Tankless Water Heaters – A No Brainer?
If you are looking for a water heater for your home getting a tankeless water heater is almost a no brainer. They may be more expensive but they also save between 30% and 50% on your power bills. The difference between the two is also because of the kind of heater that you use. You can either go with the electricity powered ones that do not give you much of a saving or for the Natural Gas, Propane or LPG powered ones that can give quite a bit of savings. Even here, the Natural Gas ones are much more efficient than the LPG ones.
Although you may think that having a burner within your home is not safe, these models are actually quite safe. As long as the ventilating system is good in the room where they are installed you need not worry because they will have to be vented outside anyway. Of course if the vent develops a leak then the exhaust gases will escape and may result in a dangerous rise in Carbon Monoxide, and you may also get hit by a truck when you are crossing the road. The risk is always there, but it is not as high as made out to be. For the really paranoid ones, you get outdoor units.
The best tankless water heater depends a lot on what exactly their use would be. For example, if you are looking for a heating solution for your entire house you should go with a different heater from if you are only looking to install one for your shower. Depending on the use that they will be put to we at tanklesswaterheatersreview have given you out opinion on what we think is the best for you.
Small Capacity Heaters
If you are only looking for a heater to install for your sink a really small one should do. Even if you use the sink quite a bit the outlet is usually not very large and a capacity of 0.5 Gallons Per Minute is quite sufficient. Our choice would be the Stiebel Eltron Mini 3. This model gives you the same output which is 0.5 GPM as all other models in this range but costs only $130.
Compare this to $200 or $250 that other manufacturers charge and you will know why this is out first choice. Stiebel is also very good quality so no worries there either. Getting a gas powered one is useless here and only an electricity powered one would be suitable.
Medium Capacity Heaters
Medium capacity heaters can either be installed for the entire house if the household is small enough or for only the bathroom or the kitchen. These heaters can be gas powered as as long as they are installed in your basement and connected to your piping. These heaters typically give you between 2.5 to 6.5 GPM depending on how hot you want your water. If you want it really hot the flow rate will drop while if you want it comfortably warm you can get a good flow rate.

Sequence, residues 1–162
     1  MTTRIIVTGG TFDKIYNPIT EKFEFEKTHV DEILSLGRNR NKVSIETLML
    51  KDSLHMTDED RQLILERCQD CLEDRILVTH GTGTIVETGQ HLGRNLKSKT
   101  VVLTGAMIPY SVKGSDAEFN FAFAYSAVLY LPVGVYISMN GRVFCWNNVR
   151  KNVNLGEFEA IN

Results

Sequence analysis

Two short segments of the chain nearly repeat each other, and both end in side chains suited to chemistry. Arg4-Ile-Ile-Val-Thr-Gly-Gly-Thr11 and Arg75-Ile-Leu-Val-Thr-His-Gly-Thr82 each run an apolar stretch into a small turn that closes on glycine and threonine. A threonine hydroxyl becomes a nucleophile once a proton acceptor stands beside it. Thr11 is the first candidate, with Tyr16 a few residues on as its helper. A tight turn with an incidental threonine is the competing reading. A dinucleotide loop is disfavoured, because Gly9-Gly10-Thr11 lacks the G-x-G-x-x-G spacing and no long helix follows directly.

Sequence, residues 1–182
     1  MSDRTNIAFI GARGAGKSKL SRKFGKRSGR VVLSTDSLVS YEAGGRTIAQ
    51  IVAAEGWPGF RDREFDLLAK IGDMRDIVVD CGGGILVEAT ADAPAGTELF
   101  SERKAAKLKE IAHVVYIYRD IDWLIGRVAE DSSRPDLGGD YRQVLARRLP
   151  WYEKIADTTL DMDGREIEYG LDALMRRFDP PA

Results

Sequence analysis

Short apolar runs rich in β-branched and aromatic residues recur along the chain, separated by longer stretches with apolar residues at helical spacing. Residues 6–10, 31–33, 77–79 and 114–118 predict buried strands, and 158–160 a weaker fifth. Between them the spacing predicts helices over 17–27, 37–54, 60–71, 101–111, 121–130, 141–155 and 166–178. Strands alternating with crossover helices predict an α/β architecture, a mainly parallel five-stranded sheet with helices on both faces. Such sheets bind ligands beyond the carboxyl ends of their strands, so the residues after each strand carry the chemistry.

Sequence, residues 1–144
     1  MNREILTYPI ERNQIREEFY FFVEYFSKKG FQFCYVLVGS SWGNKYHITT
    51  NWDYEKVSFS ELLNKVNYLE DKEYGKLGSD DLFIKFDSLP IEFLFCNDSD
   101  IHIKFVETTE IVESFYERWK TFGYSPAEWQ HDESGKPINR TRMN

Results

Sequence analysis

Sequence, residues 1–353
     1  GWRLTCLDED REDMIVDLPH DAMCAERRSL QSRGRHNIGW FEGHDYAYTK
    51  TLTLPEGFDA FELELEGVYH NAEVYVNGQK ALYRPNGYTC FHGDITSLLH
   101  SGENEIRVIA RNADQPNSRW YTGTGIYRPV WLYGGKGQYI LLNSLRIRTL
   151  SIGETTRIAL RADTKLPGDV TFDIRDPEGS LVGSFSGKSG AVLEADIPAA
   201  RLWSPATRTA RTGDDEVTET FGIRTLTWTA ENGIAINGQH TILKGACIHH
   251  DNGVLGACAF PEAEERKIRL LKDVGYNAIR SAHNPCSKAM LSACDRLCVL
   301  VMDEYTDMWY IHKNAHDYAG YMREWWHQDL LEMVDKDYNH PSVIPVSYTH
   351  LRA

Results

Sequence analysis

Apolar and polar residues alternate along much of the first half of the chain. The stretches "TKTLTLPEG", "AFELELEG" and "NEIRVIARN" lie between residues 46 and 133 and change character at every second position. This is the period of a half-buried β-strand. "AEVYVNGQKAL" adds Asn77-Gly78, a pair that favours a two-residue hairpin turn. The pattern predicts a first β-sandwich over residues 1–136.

A 6.5 GPM is sufficient for most nuclear families as it can support two showers at the same time along with one appliance at a pinch. Our recommendation would be the Rheem 53 series. At only $500 they are much cheaper than most and although they give you only a 5.3 GPM that is all that is required of medium sized heaters.
Large Capacity Heaters
These heaters are the most popular of all simply because of their large capacity. If you are going for a medium sized one at around $550 or $600 you might as well pay a couple of hundred dollars more and go for one that will give you up to 9.5 GPM and costs anywhere between $800 and $1100. If you include the tax breaks that can come to 30% of the cost and installation their price just dropped a couple of hundred dollars. This means that you can get a much larger heater for the same price effectively as a medium sized one.
Such a large flow rate is really not needed by most families which means that this will be a waste most of the time. Their usefulness will come out only in winter when the temperature drops and you need hotter water. At this time the flow rate will come down drastically and unless you have a little excess capacity as reserve you will be having to organize your baths. Getting a heater looking at the maximum GPM is a bad idea because when winter sets in it will not even be sufficient for one shower, far less anything else.
Our recommendation would be the Rheem 95 series here. They give you a 9.5 GPM and cost only $950 and although this might be more than what you are looking to pay, their usefulness will show once winter sets in. Even companies like GE that sell at a comparable price do not offer this kind of a flow rate.
Obviously the final choice is up to you, our reader. We have tried to give you a very impartial assessment of all the tankless water heaters and have given out verdict. Out criteria has been first and foremost value for money with performance and reliability following a close second. Even here we are not forcing our choice on to you. Just use what we have said as a guideline and make the decision yourself and if you feel that some other model is better go for it. Our view is to educate not market